The Cook Political Report made 10 changes Thursday to its forecast of the 2022 midterm elections in favor of Republicans and two in favor of Democrats. The change comes as President Joe Biden’s job approval rating continues to deteriorate and the economy is battered by inflation and fears of a recession. A nonpartisan newsletter that analyzes elections, the Cook Political Report seeks to predict which party will prevail in every House, Senate, and gubernatorial election.
The organization uses a system of ratings to account for the level of uncertainty in each race. It defines “tossup” races as those in which either party has a good chance to win. Races that are competitive but favor one party significantly are rated as “lean,” races that are not competitive but have the potential to become so are rated as “likely,” and races that are considered not competitive are considered “solid.”
The 10 changes in favor of Republicans are:
Connecticut’s 2nd District moves from “Solid Democratic” to “Likely Democratic”
Arizona’s 4th District moves from “Likely Democratic” to “Lean Democratic”
California’s 49th District moves from “Likely Democratic” to “Lean Democratic”
Connecticut’s 5th District moves from “Likely Democratic” to “Lean Democratic”
Nevada’s 1st District moves from “Leans Democratic” to “Tossup”
Oregon’s 5th District moves from “Leans Democratic” to “Tossup”
Pennsylvania’s 7th District moves from “Tossup” to “Leans Republican”
Minnesota’s 1st District moves from “Likely Republican” to “Solid Republican”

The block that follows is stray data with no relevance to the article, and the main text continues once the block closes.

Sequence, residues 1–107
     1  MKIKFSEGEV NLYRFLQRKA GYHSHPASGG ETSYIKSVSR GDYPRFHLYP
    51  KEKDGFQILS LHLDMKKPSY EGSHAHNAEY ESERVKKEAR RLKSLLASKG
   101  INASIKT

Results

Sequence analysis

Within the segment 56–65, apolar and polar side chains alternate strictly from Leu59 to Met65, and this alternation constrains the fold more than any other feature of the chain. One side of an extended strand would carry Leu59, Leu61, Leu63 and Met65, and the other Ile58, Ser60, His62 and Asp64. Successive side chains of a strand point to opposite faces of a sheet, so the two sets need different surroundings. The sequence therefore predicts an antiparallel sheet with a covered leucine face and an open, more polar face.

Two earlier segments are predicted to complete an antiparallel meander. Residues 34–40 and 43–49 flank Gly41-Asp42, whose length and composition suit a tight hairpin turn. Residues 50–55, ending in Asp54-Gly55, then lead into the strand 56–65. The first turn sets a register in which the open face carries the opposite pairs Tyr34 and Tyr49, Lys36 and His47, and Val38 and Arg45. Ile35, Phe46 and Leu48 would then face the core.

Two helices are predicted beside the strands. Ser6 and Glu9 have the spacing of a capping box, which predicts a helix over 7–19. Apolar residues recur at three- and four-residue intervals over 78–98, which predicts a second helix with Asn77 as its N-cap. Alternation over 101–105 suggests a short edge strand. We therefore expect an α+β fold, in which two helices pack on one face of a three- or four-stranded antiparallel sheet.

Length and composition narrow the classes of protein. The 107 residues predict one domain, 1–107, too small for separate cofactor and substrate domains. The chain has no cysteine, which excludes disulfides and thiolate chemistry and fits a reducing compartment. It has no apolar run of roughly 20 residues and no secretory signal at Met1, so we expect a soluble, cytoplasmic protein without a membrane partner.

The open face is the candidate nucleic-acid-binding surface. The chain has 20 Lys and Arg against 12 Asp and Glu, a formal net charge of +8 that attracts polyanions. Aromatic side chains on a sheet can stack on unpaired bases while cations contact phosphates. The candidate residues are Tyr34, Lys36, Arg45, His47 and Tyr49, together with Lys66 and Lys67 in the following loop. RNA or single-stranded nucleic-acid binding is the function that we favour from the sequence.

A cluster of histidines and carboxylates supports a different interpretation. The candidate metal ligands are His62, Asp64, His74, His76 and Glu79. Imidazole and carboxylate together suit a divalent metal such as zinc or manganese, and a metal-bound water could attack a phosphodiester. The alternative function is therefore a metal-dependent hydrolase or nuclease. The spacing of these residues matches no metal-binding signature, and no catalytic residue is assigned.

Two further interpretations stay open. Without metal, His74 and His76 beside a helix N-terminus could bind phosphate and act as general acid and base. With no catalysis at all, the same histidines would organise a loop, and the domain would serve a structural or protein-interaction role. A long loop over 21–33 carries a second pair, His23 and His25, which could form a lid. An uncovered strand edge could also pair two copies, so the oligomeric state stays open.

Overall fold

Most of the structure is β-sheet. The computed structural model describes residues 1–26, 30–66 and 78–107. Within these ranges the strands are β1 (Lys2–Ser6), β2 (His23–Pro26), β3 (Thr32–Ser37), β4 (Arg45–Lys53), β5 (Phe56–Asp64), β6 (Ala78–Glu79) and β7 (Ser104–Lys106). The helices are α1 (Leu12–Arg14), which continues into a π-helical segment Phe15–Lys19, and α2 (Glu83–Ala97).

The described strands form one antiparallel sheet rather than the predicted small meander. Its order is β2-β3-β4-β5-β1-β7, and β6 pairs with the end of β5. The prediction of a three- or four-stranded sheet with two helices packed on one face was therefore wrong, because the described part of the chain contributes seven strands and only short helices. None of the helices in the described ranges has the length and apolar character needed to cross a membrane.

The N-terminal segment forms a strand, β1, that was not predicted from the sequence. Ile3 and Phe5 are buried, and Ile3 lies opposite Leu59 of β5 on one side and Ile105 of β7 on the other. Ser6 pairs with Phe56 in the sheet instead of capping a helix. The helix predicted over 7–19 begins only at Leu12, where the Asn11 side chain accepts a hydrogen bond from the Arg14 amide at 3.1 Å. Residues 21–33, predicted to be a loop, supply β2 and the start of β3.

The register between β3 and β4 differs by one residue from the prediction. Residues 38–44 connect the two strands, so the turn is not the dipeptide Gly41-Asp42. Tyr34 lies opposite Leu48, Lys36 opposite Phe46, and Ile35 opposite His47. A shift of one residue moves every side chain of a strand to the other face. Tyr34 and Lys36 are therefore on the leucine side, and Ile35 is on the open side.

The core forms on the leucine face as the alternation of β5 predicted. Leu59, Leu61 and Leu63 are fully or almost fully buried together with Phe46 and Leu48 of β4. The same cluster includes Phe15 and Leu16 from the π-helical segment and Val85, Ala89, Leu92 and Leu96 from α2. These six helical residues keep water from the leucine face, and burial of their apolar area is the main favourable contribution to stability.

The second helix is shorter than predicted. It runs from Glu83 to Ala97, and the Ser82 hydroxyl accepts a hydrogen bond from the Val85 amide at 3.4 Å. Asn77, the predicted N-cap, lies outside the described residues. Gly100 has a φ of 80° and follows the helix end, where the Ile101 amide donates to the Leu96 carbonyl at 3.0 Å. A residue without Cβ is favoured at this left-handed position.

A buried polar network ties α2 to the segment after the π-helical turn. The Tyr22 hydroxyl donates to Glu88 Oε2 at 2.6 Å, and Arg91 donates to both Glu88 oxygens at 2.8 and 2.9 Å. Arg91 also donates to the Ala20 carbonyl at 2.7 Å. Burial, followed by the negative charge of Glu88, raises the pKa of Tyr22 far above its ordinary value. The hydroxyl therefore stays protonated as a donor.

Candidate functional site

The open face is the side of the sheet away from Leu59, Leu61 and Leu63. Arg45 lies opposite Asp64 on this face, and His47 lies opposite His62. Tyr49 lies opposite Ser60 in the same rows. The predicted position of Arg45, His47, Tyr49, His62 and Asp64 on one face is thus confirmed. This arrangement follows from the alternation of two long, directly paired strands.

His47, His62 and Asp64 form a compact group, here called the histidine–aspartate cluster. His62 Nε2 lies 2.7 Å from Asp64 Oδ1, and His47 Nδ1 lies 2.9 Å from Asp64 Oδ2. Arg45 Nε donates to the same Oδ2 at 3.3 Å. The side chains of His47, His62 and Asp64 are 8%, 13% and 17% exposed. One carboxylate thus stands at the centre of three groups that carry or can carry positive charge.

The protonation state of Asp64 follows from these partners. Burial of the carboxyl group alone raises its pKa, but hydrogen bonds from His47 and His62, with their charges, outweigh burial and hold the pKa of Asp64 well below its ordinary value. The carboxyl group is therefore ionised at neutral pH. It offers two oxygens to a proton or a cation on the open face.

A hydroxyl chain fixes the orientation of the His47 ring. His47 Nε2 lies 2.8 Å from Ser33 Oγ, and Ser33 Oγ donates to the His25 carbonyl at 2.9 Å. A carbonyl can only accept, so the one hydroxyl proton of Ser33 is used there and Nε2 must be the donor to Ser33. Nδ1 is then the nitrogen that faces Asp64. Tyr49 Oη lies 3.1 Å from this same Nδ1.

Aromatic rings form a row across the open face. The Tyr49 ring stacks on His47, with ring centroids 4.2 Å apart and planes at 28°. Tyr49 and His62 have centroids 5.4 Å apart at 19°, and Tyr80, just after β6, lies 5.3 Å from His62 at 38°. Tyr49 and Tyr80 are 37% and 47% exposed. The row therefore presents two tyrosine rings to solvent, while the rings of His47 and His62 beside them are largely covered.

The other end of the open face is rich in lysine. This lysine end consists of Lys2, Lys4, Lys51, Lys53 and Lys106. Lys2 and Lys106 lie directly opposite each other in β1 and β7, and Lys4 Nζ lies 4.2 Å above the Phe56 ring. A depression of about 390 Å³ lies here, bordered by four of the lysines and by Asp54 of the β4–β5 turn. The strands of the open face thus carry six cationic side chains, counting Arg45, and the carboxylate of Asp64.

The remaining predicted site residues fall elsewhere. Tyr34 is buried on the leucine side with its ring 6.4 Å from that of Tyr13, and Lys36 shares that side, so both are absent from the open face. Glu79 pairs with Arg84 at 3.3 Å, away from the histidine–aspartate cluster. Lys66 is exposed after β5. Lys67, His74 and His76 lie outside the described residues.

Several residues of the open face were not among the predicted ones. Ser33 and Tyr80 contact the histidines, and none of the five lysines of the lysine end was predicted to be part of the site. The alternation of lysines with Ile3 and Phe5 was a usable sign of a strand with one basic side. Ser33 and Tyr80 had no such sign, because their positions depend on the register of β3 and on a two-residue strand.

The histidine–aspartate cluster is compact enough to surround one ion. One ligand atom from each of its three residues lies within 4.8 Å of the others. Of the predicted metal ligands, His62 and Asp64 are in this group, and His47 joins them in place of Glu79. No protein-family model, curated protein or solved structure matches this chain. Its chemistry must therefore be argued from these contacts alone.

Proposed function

Pennsylvania’s 1st District moves from “Likely Republican” to “Solid Republican”
Pennsylvania’s 10th District moves from “Likely Republican” to “Solid Republican”
The series of changes from all across the country reflect how Biden’s sagging approval rating is dragging down Democrats, who are shouldering the blame for the public’s discontent with the president and the direction of the country. According to polling aggregates, voters would like to see Republicans regain control of Congress in the midterm elections. However, individual candidates are also important in these contests. For instance, Pennsylvania’s 1st District was carried by Biden during the 2020 election, but Rep. Brian Fitzpatrick, a popular moderate Republican with strong ties to the area, easily won reelection that year, and appears set to win comfortably this time as well. Candidate quality was largely behind the two races that moved towards Democrats:
Illinois’s 14th District moves from “Leans Democratic” to “Likely Democratic”
California’s 40th District moves from “Likely Republican” to “Leans Republican”
In Illinois’s 14th district, the Republican field has struggled to raise money, with less than $500,000 between all the candidates. By comparison, the Democratic incumbent, Rep. Lauren Underwood, has raised nearly $4 million. In California’s 40th district, there is some speculation that Republican incumbent Young Kim could be locked out of California’s top-two primary system by Greg Raths, a controversial candidate who apologized after he made remarks Jewish leaders deemed anti-Semitic.
Cook now suggests Republicans are expected to pick up between 25 and 35 seats in the House of Representatives this November. Republicans need to achieve a net gain of just five seats to regain the majority. Cook predicts that in the Senate, where Republicans need a net gain of one seat to win the majority, Republicans are favored to hold 48 seats, Democrats are favored to hold 47 seats, and there are five tossups.